It's expected to release guidelines Friday that will no doubt contribute to the back-and-forth that every county has witnessed between parents and school boards. However, with the health department ruling on the issue, it may divert the patchwork solution that's taken place around the state and solidify a larger safety strategy.
Tiffani Jackson, a spokeswoman for Wayne County's executive said a ruling should come around noon today.
If they do issue a mask mandate for schools, Wayne County's health department can expect more of the same treatment that Oakland County's health division received this week when hundreds of parents and teens lined up outside the building to express their anger.
A protest among parents uninterested in mask mandates is expected outside the Wayne County health department today.
While very few counties in Michigan have ordered such a ruling, with Kent, Genesee, Allegan, and Ottawa, and Oakland siding with mask rules, they do represent a big portion of the students in Michigan. And that could have a large influence over the makeup of Michigan's next surge of COVID-19 cases.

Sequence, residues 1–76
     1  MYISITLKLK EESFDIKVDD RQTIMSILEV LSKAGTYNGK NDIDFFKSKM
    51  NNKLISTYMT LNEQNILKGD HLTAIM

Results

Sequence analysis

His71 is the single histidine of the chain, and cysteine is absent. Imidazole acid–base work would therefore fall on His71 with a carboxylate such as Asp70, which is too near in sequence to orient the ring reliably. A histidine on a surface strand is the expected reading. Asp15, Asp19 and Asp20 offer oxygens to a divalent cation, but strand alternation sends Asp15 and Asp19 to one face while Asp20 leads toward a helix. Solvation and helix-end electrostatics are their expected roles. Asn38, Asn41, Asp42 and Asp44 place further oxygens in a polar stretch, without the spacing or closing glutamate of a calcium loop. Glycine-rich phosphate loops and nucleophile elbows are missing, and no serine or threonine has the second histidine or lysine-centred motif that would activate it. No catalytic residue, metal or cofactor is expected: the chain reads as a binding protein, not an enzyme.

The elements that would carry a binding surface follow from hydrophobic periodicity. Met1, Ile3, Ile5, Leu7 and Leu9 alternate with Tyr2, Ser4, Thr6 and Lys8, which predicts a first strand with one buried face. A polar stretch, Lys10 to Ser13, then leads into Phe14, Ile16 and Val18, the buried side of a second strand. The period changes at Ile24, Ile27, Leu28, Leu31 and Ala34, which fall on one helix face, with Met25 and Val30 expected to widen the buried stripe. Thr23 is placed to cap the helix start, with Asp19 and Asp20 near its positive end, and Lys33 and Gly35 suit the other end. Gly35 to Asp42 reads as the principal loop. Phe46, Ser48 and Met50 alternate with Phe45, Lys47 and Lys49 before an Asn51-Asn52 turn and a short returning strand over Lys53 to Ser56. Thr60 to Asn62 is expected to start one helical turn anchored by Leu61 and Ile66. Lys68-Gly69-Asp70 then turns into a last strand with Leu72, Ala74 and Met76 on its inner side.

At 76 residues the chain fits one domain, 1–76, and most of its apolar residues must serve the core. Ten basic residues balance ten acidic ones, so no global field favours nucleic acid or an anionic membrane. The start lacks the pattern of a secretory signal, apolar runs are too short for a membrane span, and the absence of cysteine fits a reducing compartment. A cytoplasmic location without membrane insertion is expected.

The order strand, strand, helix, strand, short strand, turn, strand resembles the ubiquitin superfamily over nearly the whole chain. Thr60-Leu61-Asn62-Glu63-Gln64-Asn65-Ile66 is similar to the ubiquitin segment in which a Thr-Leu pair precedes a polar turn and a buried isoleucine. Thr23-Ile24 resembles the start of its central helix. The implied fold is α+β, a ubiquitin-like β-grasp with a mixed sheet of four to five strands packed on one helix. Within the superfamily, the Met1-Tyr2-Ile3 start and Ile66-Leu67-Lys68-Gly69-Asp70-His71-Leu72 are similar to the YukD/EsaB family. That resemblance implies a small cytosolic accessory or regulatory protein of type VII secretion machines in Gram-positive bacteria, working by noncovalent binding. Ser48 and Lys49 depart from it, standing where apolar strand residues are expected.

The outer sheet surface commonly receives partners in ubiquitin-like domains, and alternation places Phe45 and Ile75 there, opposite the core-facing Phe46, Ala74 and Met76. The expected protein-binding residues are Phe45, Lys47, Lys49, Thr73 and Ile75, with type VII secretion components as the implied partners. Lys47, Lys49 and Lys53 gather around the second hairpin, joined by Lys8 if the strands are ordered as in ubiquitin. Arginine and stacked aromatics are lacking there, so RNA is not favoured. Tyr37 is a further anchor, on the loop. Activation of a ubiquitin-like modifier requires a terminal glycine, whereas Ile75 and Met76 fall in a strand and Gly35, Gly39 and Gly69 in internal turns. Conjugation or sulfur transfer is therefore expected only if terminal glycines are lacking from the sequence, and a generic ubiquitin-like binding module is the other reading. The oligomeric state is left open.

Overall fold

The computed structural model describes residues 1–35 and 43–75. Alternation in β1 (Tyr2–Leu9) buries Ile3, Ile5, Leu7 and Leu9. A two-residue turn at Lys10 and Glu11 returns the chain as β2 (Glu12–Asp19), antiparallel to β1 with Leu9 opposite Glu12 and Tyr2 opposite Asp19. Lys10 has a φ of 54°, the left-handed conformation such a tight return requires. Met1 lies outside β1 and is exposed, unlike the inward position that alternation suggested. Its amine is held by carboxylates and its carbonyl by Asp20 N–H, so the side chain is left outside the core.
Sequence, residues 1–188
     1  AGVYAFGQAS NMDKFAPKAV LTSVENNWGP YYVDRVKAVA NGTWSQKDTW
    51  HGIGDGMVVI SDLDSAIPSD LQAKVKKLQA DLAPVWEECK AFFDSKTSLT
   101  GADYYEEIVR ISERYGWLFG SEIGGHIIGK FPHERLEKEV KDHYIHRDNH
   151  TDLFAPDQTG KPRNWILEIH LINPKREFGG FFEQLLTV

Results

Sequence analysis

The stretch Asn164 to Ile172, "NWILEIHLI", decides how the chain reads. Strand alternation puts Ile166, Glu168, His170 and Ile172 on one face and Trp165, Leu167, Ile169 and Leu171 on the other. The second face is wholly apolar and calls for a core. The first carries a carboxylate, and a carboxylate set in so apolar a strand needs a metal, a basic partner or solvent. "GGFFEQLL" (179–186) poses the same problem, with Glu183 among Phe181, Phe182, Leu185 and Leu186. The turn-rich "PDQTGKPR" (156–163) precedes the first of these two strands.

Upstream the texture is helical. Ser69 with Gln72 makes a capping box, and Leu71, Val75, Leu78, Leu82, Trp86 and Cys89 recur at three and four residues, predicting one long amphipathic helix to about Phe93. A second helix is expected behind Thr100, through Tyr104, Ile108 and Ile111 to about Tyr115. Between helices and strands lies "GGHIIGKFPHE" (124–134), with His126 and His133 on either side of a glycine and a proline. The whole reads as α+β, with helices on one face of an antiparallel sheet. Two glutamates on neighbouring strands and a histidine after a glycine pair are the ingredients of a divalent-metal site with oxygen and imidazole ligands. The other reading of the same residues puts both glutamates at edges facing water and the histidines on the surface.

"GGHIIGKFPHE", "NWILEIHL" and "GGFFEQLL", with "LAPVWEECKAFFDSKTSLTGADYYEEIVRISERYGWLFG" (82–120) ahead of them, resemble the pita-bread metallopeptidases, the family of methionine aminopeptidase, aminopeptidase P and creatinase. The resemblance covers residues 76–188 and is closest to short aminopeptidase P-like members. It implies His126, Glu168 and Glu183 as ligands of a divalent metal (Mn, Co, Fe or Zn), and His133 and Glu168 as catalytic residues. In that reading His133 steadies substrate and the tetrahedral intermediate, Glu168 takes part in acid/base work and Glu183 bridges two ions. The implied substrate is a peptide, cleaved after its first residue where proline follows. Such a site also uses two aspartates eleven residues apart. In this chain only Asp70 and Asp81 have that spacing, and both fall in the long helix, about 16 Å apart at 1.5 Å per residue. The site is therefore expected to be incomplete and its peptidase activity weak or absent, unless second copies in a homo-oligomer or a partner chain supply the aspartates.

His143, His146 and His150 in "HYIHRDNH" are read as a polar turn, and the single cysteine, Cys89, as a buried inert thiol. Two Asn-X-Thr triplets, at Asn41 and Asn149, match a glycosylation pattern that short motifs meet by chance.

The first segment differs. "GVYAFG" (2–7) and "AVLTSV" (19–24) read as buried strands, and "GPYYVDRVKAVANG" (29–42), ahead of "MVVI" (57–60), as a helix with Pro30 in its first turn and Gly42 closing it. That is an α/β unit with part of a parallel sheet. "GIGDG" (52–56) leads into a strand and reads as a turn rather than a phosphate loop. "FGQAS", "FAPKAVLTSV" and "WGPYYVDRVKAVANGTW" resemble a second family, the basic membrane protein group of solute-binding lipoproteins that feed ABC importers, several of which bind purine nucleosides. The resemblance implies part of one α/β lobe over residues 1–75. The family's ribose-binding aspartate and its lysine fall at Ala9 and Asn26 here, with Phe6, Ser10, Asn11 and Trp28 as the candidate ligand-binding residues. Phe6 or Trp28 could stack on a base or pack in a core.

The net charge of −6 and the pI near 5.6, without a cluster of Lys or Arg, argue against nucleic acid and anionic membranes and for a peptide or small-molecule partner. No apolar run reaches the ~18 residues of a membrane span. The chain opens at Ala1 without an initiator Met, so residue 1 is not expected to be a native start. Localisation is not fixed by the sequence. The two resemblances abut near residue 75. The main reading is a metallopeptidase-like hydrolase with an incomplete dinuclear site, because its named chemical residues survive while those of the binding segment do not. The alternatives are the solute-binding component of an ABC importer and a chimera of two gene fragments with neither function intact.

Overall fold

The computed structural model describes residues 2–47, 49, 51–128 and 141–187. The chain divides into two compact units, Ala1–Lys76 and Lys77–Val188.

Health officials have already given their take: masks work at reducing the spread of the coronavirus and will be effective at lowing the chance that students contract the virus. That's important because the Delta variant and any subsequent mutations of the virus have become increasingly effective at evading the vaccine's protection from transmitting the disease.
It could also pose a greater threat to young people than previous mutations. Anyone under the age of 12 can't get the vaccine, leaving young people among the most threatened populations.
For Wayne County, the most populated county in the state with hundreds of thousands of students, it could spell trouble if the disease is allowed to roam freely.
Oakland County Executive Dave Coulter said the alternative to masks was moving students to virtual settings when outbreaks occur - something that many students might dislike just as much as wearing a mask.
Data from the health department estimates that without masking in a school, the chances of someone catching the virus rises to 50% after just 24 hours from the moment an infected student walks into a room. With mask rules in effect, 24 hours becomes 120 hours.